The residential care workers settlement

The residential care worker settlement has changed pay relativities and represents a shock to the labour market, particularly given the number of employees affected and initial estimates of the cost involved, writes John McGill.

Care workers and similar roles have long featured in our remuneration database, particularly in our Not-for-Profit Survey which we have conducted for eight years. 

Over this period we have reported on the pay levels this group receives and our analysis of the roles uses a mix of what we call job matching and job evaluation. 

Job matching is a relatively simple technique for ensuring similar roles are compared correctly. Job evaluation is a much more powerful form of analysis examining in detail all aspects of the job. Both forms of analysis are used in assessing these roles with clients in an effective way. 

The overall consensus in the market over a number of years is that for care workers, these are relatively straightforward roles. Note this is not a comment on the care, dedication and professionalism of the individuals in the roles or challenges they may face, rather it is a determination around the relativity of the role as compared to others in the organisation.

Changing the tides earlier this year, there was a large settlement where Christine Bartlett, through her union, put forward a pay equity claim – the Terranova case. 

The outcome was a large settlement with the government, which funds the majority of these roles and similar. There will be an increase in pay for this group from $15.75 per hour to $27 per hour over the next five years. In salary terms, increasing a FT salary from $32,800 pa to $56,000 pa, is a 71 percent increase in salary pay. Fifty five thousand employees are affected and the estimated cost over five years is $2 billion.

This settlement has changed pay relativities so that a role previously paid in the labour market (albeit tied down by a tough funding regime over many years) at a relatively low level is now assessed as being at a similar level to many higher professional positions, a wide range of supervisory positions across many sectors and many well qualified technical roles. 

This represents a massive shock to the labour market, particularly given the number of employees affected and initial estimates of the cost involved.

From what we understand of the settlement, part of the basis is that the skill level of care workers will be increased over time, meaning some change in the “size” of the role. This is likely to lead to a differentiation of roles similar to what happened to nurses many years ago as the role of nurse aide was developed. 

This growth in the role will only occur over time, whilst the immediate issue is the actual impact to other roles. Many will draw conclusions from the care workers settlement as to the relativity to their own roles.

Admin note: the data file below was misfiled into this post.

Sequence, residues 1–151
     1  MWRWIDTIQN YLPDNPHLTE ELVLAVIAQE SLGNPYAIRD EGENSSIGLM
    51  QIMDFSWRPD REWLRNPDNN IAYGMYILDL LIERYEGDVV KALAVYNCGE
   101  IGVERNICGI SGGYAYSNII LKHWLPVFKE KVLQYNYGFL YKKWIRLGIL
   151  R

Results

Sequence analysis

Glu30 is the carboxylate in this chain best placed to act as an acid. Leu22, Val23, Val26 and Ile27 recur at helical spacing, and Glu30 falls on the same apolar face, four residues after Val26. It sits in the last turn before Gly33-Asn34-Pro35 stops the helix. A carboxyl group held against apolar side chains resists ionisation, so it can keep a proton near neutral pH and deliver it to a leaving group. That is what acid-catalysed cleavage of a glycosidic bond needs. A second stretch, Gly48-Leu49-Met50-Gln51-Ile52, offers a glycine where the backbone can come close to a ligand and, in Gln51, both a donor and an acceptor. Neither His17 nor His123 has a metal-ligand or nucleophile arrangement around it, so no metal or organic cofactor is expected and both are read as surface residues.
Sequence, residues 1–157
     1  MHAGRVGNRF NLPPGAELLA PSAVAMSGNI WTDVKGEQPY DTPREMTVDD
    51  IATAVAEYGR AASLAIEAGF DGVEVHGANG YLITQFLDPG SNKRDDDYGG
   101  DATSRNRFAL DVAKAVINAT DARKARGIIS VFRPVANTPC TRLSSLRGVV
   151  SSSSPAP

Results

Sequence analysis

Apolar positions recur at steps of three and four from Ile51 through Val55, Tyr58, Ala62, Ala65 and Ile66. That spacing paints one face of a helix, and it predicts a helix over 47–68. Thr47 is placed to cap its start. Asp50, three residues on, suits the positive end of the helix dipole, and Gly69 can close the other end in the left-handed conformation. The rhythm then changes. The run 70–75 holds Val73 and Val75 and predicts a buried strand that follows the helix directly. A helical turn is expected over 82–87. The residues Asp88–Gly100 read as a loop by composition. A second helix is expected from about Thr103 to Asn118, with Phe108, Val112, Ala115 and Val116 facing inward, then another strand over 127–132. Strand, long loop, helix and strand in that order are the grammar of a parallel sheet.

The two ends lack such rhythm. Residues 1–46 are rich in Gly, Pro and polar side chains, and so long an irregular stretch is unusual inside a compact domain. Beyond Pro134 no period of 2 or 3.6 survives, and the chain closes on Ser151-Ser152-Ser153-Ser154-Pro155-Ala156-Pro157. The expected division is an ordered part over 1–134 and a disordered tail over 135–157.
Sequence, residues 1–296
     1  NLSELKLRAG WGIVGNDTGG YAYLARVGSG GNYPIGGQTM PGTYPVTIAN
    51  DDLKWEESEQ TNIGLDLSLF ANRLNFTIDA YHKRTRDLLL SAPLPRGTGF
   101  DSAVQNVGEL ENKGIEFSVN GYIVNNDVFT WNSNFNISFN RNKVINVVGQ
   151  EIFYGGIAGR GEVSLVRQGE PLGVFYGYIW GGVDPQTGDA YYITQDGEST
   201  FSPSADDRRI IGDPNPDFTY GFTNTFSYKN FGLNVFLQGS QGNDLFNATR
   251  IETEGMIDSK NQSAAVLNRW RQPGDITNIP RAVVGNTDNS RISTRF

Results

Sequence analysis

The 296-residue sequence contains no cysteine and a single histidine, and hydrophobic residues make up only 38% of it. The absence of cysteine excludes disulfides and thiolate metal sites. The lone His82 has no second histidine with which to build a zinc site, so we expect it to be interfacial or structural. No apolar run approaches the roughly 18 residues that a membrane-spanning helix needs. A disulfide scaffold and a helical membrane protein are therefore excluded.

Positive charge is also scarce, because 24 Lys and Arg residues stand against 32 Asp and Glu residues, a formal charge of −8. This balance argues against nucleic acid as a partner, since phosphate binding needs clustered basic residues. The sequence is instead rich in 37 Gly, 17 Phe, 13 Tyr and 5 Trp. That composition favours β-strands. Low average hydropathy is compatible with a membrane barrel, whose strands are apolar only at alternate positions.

So what has happened so far? What may be to come?

  1. Mental health workers are among the first to make the point that this outcome should be applied further. They see themselves as doing similar roles, maybe working alongside care workers and feel aggrieved. As appears to be the case, there are many mental health workers considering the move to becoming a care worker. The government has moved (at the time of writing) to prevent DHB’s applying the care workers’ settlement to other roles including mental health workers. We will likely see more on this to come. 
  2. As well as the immediate relativity argument, there will be other groups which see themselves as similar either contemplating, or actually preparing, their cases. The related upward relativity issues with the supervisors of care workers, and potentially the managers of the supervisors now about to be paid less or at a similar level to the care workers, will see these latter two groups looking at their pay with a more critical eye. The response from the organisation has to be to adjust their pay to reflect the change. This may be an issue for some organisations with a lack of extra capital and the absence of an increase in government funding. 
  3. Rest homes are looking at cutting supervisory or other roles and increasing fees for residents in response. Some rest homes may, and have, closed as their cost structures will not cope.
  4. There are different groups in any rest home environment, they all are affected by this settlement and will be looking at their options. This in turn is likely to lead to a broader labour market reaction.

In response, there has been new government legislation proposed to stem the flow of relativity based cases and the comparisons being used.

 This has invited a range of criticism on the proposed rules to be put in place. Relativities have a life of their own and have long existed within every part of the labour market.  Relativities will ignore legislation, employer cost structures, and exhortations from those who think they know what they should be. It is likely the pressures in the next few years will become enormous in this part of the labour market.  

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John McGill is the CEO at Strategic Pay. www.strategicpay.co.nz

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